4) Sacramental Theology: The Chaldean Catholic Church, clergy and people, live solidly a spiritual life in the ecclesiastic framework of the Seven Sacraments, enriched by many educational programs and seasonal and daily devotions: Catechism courses, Absolution Rite and First Communion, Bible Studies, Way of the Cross, Eucharistic Adoration, Month of Our Lady, Month of St. Joseph...etc. An authentic eastern spirituality could not at all be compromised, but very genuinely enriched by the heritage of the Church universal.
5) Iconography: Though many, including some Chaldean clergy, think that the tradition of the ancient Church of the East does not include icons, this belief is certainly a mistake if we consider the relevant documents that precede Islam. Therefore, the Chaldean Catholic Church in its current common practice, that rejects iconoclasm, not only adheres to the orthodox doctrine, but reflects also faithfully the genuine Mesopotamian tradition.
6) The Chaldean Patriarch of Babylon in direct line of succession with Original Apostolic dynasty: A continuous chain of hierarchs, reaching to and beginning with the Apostles Thomas and Addai and Mari, is found in the history books of the Church of the East. This Church, falling under the shifting conditions of empires and rulers, with the changing of capitals, adopted the stable title of "Patriarch of Babylon" for its supreme hierarch since the beginning of the 14th century, and settled for patriarchal residence in Alqosh, Northern Iraq, during the 15th century and substituted the canonical electoral system with a hereditary system from uncle to nephew (with the renowned family name of Bi-Abuna). While Youhannan Sulaka was recognized by Rome as the Patriarch of the Catholic segment of the Church of the East in 1553, a new patriarchal dynasty began with him, side by side with the original dynasty. The last patriarch of this original dynasty, Yohannan Hormizd, united himself and his Church with the Holy See and was recognized by Rome as Patriarch of Babylon in 1830. The current patriarch of the Chaldean Catholic Church, Mar Emmanuel III Delly, is the direct descendent of that apostolic dynasty.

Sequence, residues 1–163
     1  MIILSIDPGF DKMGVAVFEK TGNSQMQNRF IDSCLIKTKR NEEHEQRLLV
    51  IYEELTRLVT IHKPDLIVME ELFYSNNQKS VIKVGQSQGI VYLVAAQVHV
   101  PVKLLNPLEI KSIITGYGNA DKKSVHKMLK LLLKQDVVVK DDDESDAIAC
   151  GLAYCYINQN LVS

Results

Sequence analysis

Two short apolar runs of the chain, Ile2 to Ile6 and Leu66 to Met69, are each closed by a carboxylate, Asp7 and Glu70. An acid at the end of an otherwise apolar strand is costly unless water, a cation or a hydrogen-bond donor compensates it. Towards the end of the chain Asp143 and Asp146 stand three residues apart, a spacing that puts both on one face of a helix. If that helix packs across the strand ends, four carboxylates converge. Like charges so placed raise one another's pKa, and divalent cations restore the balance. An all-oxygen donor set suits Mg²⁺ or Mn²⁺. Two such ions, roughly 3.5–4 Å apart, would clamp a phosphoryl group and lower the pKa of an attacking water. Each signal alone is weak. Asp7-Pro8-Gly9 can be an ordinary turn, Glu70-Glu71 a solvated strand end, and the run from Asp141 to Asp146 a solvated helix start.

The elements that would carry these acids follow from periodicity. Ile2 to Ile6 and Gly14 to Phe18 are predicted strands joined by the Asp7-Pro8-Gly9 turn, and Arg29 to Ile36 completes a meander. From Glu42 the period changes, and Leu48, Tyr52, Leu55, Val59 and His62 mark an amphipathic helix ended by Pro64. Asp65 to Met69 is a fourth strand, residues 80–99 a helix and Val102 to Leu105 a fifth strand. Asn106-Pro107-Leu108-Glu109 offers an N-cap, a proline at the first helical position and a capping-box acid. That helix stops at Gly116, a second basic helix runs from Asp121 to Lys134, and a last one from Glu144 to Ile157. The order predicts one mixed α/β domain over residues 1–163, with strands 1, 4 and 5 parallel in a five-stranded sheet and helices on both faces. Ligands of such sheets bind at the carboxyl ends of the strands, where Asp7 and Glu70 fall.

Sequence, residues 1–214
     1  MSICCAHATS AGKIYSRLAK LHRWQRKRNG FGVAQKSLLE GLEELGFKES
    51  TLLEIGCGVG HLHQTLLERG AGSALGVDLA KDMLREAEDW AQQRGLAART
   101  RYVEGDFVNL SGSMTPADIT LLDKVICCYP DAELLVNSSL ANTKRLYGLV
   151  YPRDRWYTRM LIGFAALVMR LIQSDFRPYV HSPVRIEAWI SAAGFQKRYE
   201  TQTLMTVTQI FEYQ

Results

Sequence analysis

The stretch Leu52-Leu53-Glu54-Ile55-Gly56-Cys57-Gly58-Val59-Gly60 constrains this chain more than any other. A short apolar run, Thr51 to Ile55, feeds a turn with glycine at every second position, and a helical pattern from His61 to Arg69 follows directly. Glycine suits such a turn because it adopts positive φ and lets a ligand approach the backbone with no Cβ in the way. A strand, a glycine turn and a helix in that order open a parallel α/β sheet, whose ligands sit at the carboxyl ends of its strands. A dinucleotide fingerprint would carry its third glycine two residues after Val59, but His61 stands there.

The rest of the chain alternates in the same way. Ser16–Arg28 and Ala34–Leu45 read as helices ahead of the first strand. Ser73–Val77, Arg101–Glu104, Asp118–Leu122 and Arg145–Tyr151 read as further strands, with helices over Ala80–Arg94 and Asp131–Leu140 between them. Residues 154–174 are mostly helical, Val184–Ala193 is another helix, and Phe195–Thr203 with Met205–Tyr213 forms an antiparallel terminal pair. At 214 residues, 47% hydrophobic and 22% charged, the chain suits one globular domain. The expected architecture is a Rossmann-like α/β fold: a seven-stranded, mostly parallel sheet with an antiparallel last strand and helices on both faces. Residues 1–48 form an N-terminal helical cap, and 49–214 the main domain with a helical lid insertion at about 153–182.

7) Priestly and Monastic Celibacy: In faithfulness to the evangelic Lordly councils, the institutions of monastic life thrive today in the Chaldean Catholic Church, the celibate priesthood is also the common condition of the priestly ministry. A priest who has solemnly accepted celibacy in dedication to the Kingdom, if he fails to maintain it, must request absolution from none other than the Roman Pontiff, and if granted he must cease fully the exercise of priestly ministry. Therefore, those Chaldean priests who departed from their Catholic Church and joined the separated Assyrian Church of the East have dared to absolve themselves from the priestly commitment to celibacy, attempted marriage with the active participation of the clergy of that separated Church and with the approval of the hierarchy of that same church, are, by the force of the Canon Law of the Church universal, removed from all ecclesiastic office and, by joining a church which is not in full communion with the successor of Peter, have made themselves deprived of full communion with the Catholic Church. Therefore, all sacramental and ministerial services that these priests may be willing to offer are to be considered illegitimate, illicit and scandalous to our faithful. See for this matter the Code of Canons of the Eastern Churches: